Back in the day, if your shorthand didn’t stretch to 100 words a minute, your chances of landing a journalism job were sketchy. These skills are now pretty much redundant – better to know how to whip up a frenzy on social media, build an interactive graphic, or number-crunch data. And with Cisco forecasting more than 1m minutes of video shared every second by 2021, understanding images has never been so important.
“Keeping up to date is a challenge for universities,” says former BBC journalist Lisette Johnston, now head of school at ScreenSpace in London, sister to MetFilm School, where postgraduate numbers are rising. “But the most impressive master’s programmes are those that replicate real working life – industry deadlines, working with others and so on.”
However, media and news companies say they can’t actually find enough candidates with the skills they want, and universities have taken to reviewing and updating postgraduate media courses annually. Queen Margaret University in Edinburgh is one of many that have launched courses responding to industry needs for visually literate “content creators”.
Knowing how to get to a story via data and freedom of information requests is one of the most prized skills, says Paul Bradshaw, who heads up the master’s courses in data journalism and multiplatform and mobile journalism at Birmingham City University. “We struggle to meet demand from employers wanting students who can analyse data. All news organisations are expanding in this area.”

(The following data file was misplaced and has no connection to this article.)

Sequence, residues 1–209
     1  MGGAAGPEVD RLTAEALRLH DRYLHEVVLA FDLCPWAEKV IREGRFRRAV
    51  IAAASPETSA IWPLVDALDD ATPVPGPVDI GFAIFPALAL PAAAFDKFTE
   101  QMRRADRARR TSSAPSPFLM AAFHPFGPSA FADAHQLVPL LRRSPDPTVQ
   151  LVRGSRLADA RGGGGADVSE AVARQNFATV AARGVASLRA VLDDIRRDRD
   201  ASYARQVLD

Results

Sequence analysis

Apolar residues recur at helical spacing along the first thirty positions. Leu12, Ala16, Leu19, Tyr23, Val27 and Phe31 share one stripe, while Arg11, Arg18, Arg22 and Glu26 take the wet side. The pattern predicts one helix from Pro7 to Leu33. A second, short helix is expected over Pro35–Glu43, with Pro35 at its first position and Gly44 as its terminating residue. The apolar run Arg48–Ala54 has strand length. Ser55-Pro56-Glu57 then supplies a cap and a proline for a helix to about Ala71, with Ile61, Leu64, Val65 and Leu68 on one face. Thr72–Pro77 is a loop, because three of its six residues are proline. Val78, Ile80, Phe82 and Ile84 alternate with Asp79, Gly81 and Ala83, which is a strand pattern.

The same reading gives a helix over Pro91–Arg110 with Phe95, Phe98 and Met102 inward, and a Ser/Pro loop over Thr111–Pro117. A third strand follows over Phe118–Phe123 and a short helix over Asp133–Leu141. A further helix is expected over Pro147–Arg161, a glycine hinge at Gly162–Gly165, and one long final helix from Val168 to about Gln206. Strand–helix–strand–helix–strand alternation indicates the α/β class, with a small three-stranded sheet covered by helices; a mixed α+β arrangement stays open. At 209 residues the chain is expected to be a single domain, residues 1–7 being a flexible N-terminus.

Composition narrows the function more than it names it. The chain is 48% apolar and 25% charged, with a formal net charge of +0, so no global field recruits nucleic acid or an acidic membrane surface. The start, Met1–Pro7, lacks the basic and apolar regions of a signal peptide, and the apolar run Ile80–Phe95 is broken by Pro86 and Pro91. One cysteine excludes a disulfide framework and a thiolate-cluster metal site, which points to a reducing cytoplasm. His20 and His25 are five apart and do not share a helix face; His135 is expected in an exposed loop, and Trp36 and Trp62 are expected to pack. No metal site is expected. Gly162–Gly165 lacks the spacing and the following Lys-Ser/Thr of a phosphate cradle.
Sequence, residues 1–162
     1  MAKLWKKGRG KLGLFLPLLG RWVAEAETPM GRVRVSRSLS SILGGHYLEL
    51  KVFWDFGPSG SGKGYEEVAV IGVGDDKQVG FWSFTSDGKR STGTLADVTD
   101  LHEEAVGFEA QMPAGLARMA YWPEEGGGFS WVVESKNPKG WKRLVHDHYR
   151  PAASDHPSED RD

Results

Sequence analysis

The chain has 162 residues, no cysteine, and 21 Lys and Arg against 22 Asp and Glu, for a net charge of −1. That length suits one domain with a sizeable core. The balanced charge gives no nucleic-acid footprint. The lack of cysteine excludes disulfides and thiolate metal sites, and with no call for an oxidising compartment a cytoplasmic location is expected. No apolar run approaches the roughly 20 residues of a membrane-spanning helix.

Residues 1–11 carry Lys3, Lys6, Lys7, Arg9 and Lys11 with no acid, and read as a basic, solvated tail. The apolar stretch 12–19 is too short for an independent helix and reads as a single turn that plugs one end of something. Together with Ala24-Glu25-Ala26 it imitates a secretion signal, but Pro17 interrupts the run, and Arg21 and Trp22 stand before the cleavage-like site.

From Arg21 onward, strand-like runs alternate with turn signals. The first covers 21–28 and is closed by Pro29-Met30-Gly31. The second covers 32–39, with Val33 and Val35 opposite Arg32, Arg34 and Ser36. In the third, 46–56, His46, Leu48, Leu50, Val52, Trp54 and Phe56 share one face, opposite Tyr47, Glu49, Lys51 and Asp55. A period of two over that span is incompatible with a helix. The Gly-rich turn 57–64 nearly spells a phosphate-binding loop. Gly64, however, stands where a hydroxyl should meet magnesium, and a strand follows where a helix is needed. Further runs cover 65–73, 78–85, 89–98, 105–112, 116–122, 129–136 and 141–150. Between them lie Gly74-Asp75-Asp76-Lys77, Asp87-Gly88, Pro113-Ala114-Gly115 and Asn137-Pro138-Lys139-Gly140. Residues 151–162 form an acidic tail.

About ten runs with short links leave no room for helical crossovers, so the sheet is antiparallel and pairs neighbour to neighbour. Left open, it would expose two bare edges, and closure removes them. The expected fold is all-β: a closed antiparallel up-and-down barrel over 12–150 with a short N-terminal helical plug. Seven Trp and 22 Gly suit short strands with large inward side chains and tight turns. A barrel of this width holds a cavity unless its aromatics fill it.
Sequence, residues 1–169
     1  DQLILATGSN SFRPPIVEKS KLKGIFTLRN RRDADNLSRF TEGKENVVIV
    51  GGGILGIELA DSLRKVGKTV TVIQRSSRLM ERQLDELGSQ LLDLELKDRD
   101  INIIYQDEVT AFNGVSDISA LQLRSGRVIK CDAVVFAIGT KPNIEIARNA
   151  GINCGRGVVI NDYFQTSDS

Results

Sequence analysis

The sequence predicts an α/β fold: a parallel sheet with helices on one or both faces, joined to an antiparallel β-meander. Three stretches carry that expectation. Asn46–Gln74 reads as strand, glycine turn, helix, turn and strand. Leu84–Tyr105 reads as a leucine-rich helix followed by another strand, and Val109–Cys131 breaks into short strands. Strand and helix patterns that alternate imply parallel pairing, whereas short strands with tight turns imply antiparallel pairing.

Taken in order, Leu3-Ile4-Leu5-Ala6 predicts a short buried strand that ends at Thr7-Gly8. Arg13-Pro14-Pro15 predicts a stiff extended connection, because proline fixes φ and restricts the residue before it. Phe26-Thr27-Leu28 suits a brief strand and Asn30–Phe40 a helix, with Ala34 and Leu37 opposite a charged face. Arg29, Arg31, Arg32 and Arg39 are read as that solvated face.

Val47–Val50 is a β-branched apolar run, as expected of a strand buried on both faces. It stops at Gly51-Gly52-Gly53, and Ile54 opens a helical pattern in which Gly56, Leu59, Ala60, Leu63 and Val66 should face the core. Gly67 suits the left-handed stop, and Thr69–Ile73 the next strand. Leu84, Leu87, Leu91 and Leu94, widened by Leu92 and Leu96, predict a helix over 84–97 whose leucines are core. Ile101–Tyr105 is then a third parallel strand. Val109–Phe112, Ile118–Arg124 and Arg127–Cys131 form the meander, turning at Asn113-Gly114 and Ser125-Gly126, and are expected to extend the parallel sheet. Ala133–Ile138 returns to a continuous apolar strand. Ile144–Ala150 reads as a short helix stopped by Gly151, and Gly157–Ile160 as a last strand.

But journalism students have tended to think conservatively, he says. Magazine courses were traditionally oversubscribed, while data journalism has attracted fewer applicants at popular UK universities. “Intellectually, students understand the need for these skills, but they think they will be the exception who gets to write beautiful flowing features for magazines, and never has to deal with spreadsheets.”
He cites a Birmingham story about a planned rise in police patrols and stop and search after a spate of knife crime incidents. Journalists used data to determine which areas of the city were most subjected to stop and search. They then supplemented this with traditional reporting, by speaking to the communities affected, to give context.
Even experienced journalists have enrolled on postgraduate courses to sharpen data skills, he says, and they don’t need a technical background. “We teach all that – analytical ways of approaching a problem or how to calculate a percentage.”
Equally, expertise in social media, video and data could make the difference between simply shadowing during a work placement and being offered a job. “You need something that sets you apart,” says Bradshaw. “You want to be the one with specialist skills that they don’t want to let go after an internship.”
Knowing how to make a story stand out amid millions of others is more important than ever, given the sheer bulk of online content. “As people scan and scroll, you now have even less time to capture their attention,” says Ed Preedy, managing director at GumGum, which uses image recognition technology to reach targeted audiences. “Images are a powerful way to communicate complex things. For journalists, this technology is there to be embraced.”
But judging what future media jobs might look like is an inexact science, says Hinde, who began working in newspapers in the early 1990s, before working with Yahoo! and Sky. “These types of jobs couldn’t have been predicted a decade earlier.” Now virtual reality, 360-degree video and other visual forms are emerging. “The key thing is to allow students to develop their own authentic voice. Nobody knows what jobs today’s postgraduates will be doing in 10 years’ time.”